June is Pride month, a time to recognize the impact that LGBTQ (Lesbian, Gay, Bisexual, Transgender, and Queer) individuals have had on history, to celebrate their experiences and culture, and to remember those who have been lost due to violence and illness over the years. Perhaps the most well-known celebration is the NYC Pride March – the absolutely massive, exciting, and fantastically colorful event that returns virtually this year – but it’s certainly not the only way to celebrate. A great way to take part is by simply learning more about the history of Pride, and reading books by and about members of the LGBTQ community.
The first NYC Pride March was held in 1970, on the one year anniversary of The Stonewall uprising. On June 28th, 1969, a police raid at the Stonewall Inn (a gay bar in Greenwich Village) incited a riot and series of spontaneous protests and demonstrations. The Stonewall Riot is now largely considered the catalyst of the modern gay rights movement. The library has a number of great books on the subject for all ages, from “This Day in June” by Gayle E. Pitman (Kids), to the photographic history “We Are Everywhere” by Matthew Riemer and Leighton Brown (Teen and Adult). For more on The Stonewall riots specifically, try “The Stonewall Riots” by Marc Stein, which presents a detailed overview of the moment and the movement through photographs, first-person accounts, court documents, political flyers, and more.
This is also a good time to read books by LGBTQ voices, both past and present. Start with a classic like James Baldwin’s “Giovanni’s Room” (1956), a haunting exploration of sexual identity, love, and shame, or “The Price of Salt” (1952), written by Patricia Highsmith under the pseudonym “Claire Morgan”. The latter was more of a cult-classic, and a novel undeniably ahead of its time, which enjoyed a recent resurgence after being adapted into the critically-acclaimed film “Carol” (2015). You may also want to go way, way back and explore the work of Sappho…or, at least, what remains of it. The prolific Greek poet, who inspired such terms as “sapphic” and “lesbian” (she lived on the island of Lesbos), is said to have written 10,000 lines of poetry, though the majority have been lost. Check out “Searching for Sappho” by Philip Freeman for a more information and complete translations of her surviving work.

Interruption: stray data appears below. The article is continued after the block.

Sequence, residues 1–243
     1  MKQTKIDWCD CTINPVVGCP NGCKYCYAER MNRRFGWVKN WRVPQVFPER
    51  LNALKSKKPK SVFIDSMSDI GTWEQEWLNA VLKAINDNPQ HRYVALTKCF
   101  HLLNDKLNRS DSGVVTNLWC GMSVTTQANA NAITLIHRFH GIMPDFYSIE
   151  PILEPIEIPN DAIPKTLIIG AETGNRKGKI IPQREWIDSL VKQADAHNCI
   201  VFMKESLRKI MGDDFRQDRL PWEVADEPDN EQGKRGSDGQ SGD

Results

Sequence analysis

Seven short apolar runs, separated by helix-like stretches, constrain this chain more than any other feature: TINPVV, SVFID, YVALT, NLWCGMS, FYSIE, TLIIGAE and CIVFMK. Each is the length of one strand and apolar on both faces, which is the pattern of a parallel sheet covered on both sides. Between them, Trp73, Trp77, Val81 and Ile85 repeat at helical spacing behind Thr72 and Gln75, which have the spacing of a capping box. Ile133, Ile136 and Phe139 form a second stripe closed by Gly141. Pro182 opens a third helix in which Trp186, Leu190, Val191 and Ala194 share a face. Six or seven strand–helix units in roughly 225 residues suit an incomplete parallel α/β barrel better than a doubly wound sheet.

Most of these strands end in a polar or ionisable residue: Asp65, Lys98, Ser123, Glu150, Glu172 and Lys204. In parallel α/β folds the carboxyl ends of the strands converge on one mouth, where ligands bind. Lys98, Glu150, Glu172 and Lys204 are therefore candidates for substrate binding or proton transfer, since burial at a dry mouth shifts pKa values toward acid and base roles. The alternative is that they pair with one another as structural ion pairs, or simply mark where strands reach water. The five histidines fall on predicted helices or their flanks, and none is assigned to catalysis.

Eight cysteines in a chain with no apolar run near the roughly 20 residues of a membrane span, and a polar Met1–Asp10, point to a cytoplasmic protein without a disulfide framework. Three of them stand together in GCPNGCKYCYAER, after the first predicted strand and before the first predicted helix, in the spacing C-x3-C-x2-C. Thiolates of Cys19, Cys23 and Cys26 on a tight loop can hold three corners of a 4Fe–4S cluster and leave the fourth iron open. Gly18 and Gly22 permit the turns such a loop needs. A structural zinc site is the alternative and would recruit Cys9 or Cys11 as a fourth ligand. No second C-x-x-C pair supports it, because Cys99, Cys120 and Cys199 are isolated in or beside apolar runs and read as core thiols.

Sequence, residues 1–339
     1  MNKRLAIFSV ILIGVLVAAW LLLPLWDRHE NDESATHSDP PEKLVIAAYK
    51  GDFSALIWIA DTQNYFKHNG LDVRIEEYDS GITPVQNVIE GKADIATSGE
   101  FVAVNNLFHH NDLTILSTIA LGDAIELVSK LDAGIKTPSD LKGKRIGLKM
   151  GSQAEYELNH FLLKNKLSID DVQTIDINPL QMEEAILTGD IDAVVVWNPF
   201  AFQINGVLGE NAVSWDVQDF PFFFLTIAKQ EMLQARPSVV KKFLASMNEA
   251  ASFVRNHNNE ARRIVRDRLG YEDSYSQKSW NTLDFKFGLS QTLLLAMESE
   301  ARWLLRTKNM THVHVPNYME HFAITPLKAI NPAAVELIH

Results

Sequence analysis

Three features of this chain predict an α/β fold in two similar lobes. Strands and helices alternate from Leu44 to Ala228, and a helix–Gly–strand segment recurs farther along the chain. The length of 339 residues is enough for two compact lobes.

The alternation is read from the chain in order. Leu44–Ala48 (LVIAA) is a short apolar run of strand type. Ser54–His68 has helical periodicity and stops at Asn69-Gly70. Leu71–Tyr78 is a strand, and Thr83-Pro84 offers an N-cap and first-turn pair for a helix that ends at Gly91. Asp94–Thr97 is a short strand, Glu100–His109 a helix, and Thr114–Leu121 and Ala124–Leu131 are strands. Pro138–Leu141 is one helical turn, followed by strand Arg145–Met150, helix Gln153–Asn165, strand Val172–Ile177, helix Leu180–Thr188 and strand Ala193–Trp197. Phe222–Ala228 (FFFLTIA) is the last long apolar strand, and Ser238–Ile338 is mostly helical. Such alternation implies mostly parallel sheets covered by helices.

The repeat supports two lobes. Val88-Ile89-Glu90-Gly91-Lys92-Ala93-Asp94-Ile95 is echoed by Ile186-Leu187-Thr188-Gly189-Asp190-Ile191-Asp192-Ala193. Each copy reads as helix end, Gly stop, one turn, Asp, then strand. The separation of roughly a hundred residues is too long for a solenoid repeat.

There are plenty of newer books by LGBTQ authors to explore as well, from fiction to personal memoirs. “Untamed” by Glennon Doyle, “Leaving Isn’t the Hardest Thing” by Lauren Hough and “Broken Horses” by Brandi Carlile are all newish memoirs that give you some insight into the experiences of a few very different members of the LGBTQ community. A couple other brand new books that you won’t want to miss are “Dear Senthuran” by Akwaeke Emezi and “Filthy Animals” by Brandon Taylor.
By Cassie Skobrak, Reference Librarian